Adelaide Lightning: Captain Nicole Seekamp raring to go
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Having spent the off-season training in the United States and then in India on Opals duties, Adelaide Lightning captain Nicole Seekamp has brought a new, sharper focus to the basketball court this season.
Despite not earning a playing contract, the 27-year-old said she learnt a lot about herself in the process.
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“I was obviously disappointed because I would have loved to have made the team, but I still learnt a lot going over there and experiencing that … I always look at any experience as a good experience because you can always take something from it, so as much as it was tough and a mental battle, it was also very good for me and hopefully making me a better player now,” she said.
The point guard played in all three of the Wings’ pre-season games in May, in which she shot a total of four points, also recording five assists, two rebounds, two steals and seven turnovers.
Asked about Seekamp’s performance, Phillips – who is an assistant coach at the Wings – said selection came down to the wire.
“I thought she would potentially get through, it wouldn’t surprise me if she gets on a list next season, having at least one experience through training camp,” Phillips said.
“I thought that she did really well. But just in the end, got beat out by another point guard, but I think she can play in this league, that’s why I put her name up.
“It’s hard; this is the best league in the world and I think she can play.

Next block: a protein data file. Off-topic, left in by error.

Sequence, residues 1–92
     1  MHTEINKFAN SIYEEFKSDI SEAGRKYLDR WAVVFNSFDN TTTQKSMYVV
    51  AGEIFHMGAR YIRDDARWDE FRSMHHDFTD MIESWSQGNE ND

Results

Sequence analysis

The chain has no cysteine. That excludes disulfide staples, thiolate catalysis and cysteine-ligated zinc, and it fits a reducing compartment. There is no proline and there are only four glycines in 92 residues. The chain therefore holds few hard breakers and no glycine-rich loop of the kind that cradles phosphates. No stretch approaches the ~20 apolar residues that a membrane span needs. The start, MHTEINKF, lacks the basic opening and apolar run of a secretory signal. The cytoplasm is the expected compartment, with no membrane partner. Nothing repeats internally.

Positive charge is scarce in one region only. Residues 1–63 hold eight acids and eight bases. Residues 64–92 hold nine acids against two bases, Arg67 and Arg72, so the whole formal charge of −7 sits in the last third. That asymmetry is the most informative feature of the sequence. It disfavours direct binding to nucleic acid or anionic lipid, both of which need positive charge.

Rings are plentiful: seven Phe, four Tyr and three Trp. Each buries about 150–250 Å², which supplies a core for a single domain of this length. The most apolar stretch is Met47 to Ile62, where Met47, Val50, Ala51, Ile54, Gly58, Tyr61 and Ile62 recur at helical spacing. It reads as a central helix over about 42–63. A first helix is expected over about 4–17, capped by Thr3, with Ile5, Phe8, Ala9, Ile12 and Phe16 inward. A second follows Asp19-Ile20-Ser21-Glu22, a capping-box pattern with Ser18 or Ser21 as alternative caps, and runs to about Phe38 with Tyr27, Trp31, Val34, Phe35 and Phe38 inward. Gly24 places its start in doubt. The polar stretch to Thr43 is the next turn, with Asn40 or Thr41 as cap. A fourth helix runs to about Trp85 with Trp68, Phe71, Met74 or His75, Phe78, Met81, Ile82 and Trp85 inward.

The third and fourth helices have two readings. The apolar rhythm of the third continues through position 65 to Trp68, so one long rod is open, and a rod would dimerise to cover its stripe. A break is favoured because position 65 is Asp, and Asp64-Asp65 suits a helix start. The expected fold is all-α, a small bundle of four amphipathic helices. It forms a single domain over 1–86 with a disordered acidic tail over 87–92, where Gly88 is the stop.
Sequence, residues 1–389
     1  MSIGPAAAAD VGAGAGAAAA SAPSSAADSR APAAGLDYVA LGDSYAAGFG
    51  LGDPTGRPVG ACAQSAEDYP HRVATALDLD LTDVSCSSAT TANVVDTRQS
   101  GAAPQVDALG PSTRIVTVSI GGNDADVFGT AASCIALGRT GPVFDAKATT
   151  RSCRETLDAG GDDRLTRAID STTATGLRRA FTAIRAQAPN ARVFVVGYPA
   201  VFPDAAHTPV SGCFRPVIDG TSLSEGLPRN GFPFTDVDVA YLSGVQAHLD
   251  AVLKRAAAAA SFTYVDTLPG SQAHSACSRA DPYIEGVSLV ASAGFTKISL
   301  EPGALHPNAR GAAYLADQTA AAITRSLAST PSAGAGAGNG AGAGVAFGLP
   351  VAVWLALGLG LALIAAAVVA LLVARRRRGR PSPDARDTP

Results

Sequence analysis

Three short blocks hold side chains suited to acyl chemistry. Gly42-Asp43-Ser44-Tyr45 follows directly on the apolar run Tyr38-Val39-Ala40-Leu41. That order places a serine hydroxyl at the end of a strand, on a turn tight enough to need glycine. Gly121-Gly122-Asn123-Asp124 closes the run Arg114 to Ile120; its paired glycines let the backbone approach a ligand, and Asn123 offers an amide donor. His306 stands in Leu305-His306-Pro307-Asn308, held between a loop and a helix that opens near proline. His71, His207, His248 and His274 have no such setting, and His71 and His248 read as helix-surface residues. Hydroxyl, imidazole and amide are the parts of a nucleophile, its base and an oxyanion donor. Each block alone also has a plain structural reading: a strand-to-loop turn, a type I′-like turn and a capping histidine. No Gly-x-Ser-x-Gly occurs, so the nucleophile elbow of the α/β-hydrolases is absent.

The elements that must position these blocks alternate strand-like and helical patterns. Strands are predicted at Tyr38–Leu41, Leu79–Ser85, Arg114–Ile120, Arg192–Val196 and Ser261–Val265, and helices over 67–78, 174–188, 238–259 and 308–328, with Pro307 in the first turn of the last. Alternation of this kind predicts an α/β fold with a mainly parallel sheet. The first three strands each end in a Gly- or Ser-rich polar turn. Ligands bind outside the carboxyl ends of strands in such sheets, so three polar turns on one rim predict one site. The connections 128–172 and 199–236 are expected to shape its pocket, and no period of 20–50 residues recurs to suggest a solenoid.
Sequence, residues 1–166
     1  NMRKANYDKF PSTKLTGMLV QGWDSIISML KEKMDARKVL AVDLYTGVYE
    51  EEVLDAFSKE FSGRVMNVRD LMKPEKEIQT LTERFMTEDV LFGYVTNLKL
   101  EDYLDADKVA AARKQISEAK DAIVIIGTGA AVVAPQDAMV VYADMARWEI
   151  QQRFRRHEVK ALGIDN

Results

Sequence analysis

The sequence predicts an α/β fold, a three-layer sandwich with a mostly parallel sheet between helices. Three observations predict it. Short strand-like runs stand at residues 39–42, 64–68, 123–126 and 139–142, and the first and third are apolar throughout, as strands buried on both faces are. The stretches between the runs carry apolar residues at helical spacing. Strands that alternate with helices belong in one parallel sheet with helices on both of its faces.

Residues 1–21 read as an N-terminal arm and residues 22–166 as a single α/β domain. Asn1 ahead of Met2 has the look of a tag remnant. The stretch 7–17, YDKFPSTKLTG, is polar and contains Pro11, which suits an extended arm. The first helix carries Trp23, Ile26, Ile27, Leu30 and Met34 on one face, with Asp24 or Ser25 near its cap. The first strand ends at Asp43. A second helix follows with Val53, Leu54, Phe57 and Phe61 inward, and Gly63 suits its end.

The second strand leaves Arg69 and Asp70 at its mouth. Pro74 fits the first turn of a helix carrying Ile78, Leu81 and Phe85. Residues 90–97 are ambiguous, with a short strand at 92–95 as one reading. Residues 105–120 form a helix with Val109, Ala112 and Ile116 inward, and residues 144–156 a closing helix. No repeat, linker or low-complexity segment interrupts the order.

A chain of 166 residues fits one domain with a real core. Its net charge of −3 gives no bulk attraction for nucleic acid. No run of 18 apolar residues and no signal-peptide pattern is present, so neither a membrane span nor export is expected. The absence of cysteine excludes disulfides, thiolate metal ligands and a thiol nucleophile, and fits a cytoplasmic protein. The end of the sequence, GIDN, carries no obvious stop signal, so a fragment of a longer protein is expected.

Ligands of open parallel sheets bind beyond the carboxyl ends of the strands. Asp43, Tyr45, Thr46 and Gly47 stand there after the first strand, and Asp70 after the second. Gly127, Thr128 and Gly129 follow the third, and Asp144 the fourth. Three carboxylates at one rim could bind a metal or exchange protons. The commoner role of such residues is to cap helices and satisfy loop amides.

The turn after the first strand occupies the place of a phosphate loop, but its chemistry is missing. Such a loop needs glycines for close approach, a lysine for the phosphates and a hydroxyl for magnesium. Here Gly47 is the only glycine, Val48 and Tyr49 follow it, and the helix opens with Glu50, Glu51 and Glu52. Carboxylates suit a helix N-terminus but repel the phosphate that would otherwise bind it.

“She’s going to go away and work on her game and if she keeps improving, I can’t see why not she can’t play in this league, because she definitely showed some signs that she can handle it with the best.”
Seekamp described the WNBA – the world’s best women’s basketball competition – as a “completely different world”.
“Over there, it’s a lot faster, so as a point guard, when I come off my ball screens, or my passing, here it’s fine, but over there, they just recover that little bit faster and so I’d get a lot of deflections and stuff, so it showed me I could be a bit crisper and cleaner with my passes and be a bit more aggressive too,” she said.
“I’m usually a team player, and you should be a team player, but (the experience also) showed me that sometimes I should be a bit more aggressive as well.”
That only bodes well as Seekamp attacks not only her third consecutive season with the Lightning – first as stand-alone captain – but as she works toward her dream of representing Australia with the Opals at the 2020 Tokyo Olympics.
With a new-look team to lead (only herself and Lauren Nicholson remain from last season’s starting five that took the WNBL grand final series to a third game against the eventual champions UC Capitals), she is looking forward to helping the basketballers form a team bond similar to what was achieved last year.
“I like to send (the players) messages and just make sure that they know I’m thinking about them outside of basketball because it’s not just all about basketball,” Seekamp said.
“You’ve got to be happy off the court and I think being happy off the court relays onto the court so that you can get out there and not have to think about anything else, you just play.
“That’s what I try to do, to make sure everyone is feeling good about themselves.”
After almost a month on the road since their first home game on October 11, the Lightning return to Titanium Arena on Saturday to take on Bendigo Spirit.
Adelaide is currently sitting third on the ladder with 3-2, behind the Melbourne Boomers and the undefeated Southside Flyers.
Originally published as Seekamp is Lightning’s captain courageous